First published in The Sunday Age, M Magazine
With the spotlight on five-star renovations, it pays to use as much of your existing home as possible.
WHEN architect Matt Gibson and his wife, Annabel Talbot, decided to fix up their South Yarra home, they took a thrifty tack. “We wanted to recycle as much of the existing structure as possible,” Gibson says, “re-utilise anything we could and use old materials from other buildings.”
With careful planning, a renovation goes hand-in-hand with the other three R’s: reduce, reuse and recycle. And Gibson is adamant that it doesn’t mean flower-power design. “You can have a contemporary space by reusing the structure and using eco-friendly principles, without having a shag-pile or stained-glass look.”
The 36-year-old is standing at the front of his narrow terrace home, looking smart and rumpled in jeans and a blue shirt. As he speaks, his 10-month-old daughter, Matilda, crawls to the courtyard at the red front door. “She loves it out here,” he says, picking her up.
She’s a wise judge. The small home feels spacious, thanks to clever use of natural light and mirrors. It also features a serene internal courtyard with an outdoor shower, opening from the master bedroom and bluestone bathroom.
The old house, built almost 100 years ago, had a hotchpotch layout born of two previous extensions. The kitchen was hidden away and the toilet was stuck in the lounge room. Despite the inconvenience, the couple lived in the home for two years before beginning their overhaul. When they did, salvaging the best of the existing structure seemed the natural thing to do.
“For me, I like keeping the old elements,” Talbot says, sitting on the couch in the airy living room. She’s from Britain, and her parents’ house was built in 1642. “I don’t understand having to pull everything down. In England you just don’t have the space to do that, and the planning rules don’t allow you to. We’re quite used to reusing whatever we’ve got.”
Although there were no heritage rules preventing demolition, the couple decided to keep the existing period front and the bedrooms intact, along with the entire roof and all the walls. “There’s a lot less embodied energy in revitalising the existing structure than in bulldozing it and starting again,” Gibson says. They reshuffled the back part of the house by moving the bathroom to the middle of the home and creating an open kitchen and living area facing the back courtyard.
It’s not just an environmental plus – the other big benefit is cost. The project outlays totalled $200 000. Gibson estimates that they saved about $100 000 by keeping the structure in place, and up to $20 000 more by using recycled materials.
They redesigned their old glass roof to become a contemporary skylight and re-employed three large bronzed mirrors – formerly wardrobe doors – in the rear courtyard. The floorboards were reclaimed from a demolished factory in Richmond and the long concrete bench was poured in place using aggregate gathered onsite.
Where possible, the couple also used natural or local products, such as sisal carpets, tree bark blinds, concrete tiles made in Brighton, and stones, for the chimney, sourced from Portsea.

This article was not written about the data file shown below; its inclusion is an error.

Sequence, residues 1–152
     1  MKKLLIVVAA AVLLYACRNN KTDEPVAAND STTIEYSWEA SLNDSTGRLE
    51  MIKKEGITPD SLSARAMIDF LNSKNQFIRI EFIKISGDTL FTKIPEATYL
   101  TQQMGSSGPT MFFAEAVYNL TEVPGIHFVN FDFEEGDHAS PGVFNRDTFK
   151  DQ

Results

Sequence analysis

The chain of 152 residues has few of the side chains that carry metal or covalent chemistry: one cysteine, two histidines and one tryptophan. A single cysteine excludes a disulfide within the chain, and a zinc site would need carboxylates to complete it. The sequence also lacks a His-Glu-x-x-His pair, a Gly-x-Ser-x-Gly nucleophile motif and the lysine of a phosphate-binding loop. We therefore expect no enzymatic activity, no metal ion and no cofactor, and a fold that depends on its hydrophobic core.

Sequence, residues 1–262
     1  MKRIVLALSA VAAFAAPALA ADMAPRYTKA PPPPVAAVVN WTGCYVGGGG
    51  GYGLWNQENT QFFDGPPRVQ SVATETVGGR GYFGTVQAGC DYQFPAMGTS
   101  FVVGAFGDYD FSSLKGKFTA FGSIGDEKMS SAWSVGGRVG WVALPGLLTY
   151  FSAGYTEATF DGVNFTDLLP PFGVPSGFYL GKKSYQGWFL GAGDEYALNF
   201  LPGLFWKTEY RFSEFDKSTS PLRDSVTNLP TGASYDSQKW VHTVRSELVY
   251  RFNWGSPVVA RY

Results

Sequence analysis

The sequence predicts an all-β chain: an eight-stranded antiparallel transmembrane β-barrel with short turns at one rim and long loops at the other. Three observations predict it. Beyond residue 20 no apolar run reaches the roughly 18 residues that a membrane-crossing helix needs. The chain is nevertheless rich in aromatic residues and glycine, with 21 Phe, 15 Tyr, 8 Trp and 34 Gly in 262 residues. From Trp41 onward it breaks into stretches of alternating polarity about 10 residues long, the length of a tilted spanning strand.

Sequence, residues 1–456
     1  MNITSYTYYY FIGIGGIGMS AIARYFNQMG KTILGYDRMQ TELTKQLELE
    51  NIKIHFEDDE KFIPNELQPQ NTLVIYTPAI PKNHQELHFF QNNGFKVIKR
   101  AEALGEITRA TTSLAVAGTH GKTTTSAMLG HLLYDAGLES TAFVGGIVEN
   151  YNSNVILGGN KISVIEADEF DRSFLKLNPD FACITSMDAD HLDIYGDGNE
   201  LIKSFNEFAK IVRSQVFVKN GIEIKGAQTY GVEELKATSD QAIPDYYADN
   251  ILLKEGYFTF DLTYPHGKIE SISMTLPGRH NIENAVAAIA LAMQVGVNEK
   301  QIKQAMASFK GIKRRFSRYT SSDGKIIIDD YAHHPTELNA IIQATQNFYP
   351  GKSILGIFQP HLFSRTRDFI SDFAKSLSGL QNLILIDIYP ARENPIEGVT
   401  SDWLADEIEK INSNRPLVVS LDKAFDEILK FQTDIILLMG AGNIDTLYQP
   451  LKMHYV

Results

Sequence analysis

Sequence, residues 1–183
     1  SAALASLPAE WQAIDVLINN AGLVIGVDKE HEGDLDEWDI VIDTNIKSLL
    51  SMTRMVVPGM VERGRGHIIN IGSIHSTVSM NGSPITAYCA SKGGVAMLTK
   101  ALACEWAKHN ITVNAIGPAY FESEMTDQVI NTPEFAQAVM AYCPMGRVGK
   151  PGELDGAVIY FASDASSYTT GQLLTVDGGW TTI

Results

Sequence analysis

Finding these salvaged and unusual materials proved the easy part of the six-month renovation. Amateur owner-builders can take comfort: working on your own house is hard going, even for architects.
“It was stressful,” says Gibson. “It was very stressful,” Talbot adds, laughing. Each of them was working a busy full-time job. They were staying with friends and labouring at the house in every spare moment.
Now that it’s finished, they’re pleased with the comfort and style of their home, and glad they stuck to the recycling theme. “It’s very poignant right now with the credit crunch because people are having to rethink they way they live their lives,” Talbot says. “And one person’s rubbish is another’s treasure, isn’t it?”
Gibson says that demand for salvaged building materials is growing fast. “There’s really nothing that can’t be recycled if you really want to.”
Should it stay or should it go?
Up to 40 percent of our landfill waste comes from building, according to yourhome.gov.au, and much of it could be reused. Recycling not only cuts demand for new resources, but also cuts your costs.
A renovation always means recycling, but just how much depends on the design. If you want to be green, save as much of the existing structure as you can and chose your materials carefully. Make sure your designer and builder understand your goals.
Doors, windows and cabinets are ideal for reuse, and look for bits and pieces with character – like Matt Gibson’s bronzed mirrors – that could be re-employed.
Material-wise almost everything can be reclaimed, from plasterboard, timber and glass, to metals like steel, aluminium and copper. Even concrete, carpet, plastics, bricks and tiles are good to go around again – if not for you, then somewhere else.
It’s easy to find second hand suppliers or trade materials online. Try sites such as eBay, Trading Post, or Construction Connect Australia.
Matt Gibson Architecture + Design
When Matt Gibson was just a kid, he chanced upon an architectural blueprint. “I saw it and just thought it was so beautifully drawn,” he says. “Once I saw that, I wanted to do architecture.”
He started his own practice, MGA+D, in 2003 following stints working for other architectural firms in both Melbourne and London. In 2005, Gibson’s firm won Australia’s Best Emerging Practice.
It has since expanded to include five staff. They work on new, retail and commercial projects, but specialise in existing residential buildings. Gibson says he is fascinated by the play between old and new, and storytelling through design features that recur through a home. “There’s a trend running through our work, which is about utilisation of light, continuity of forms and patterns of movement.”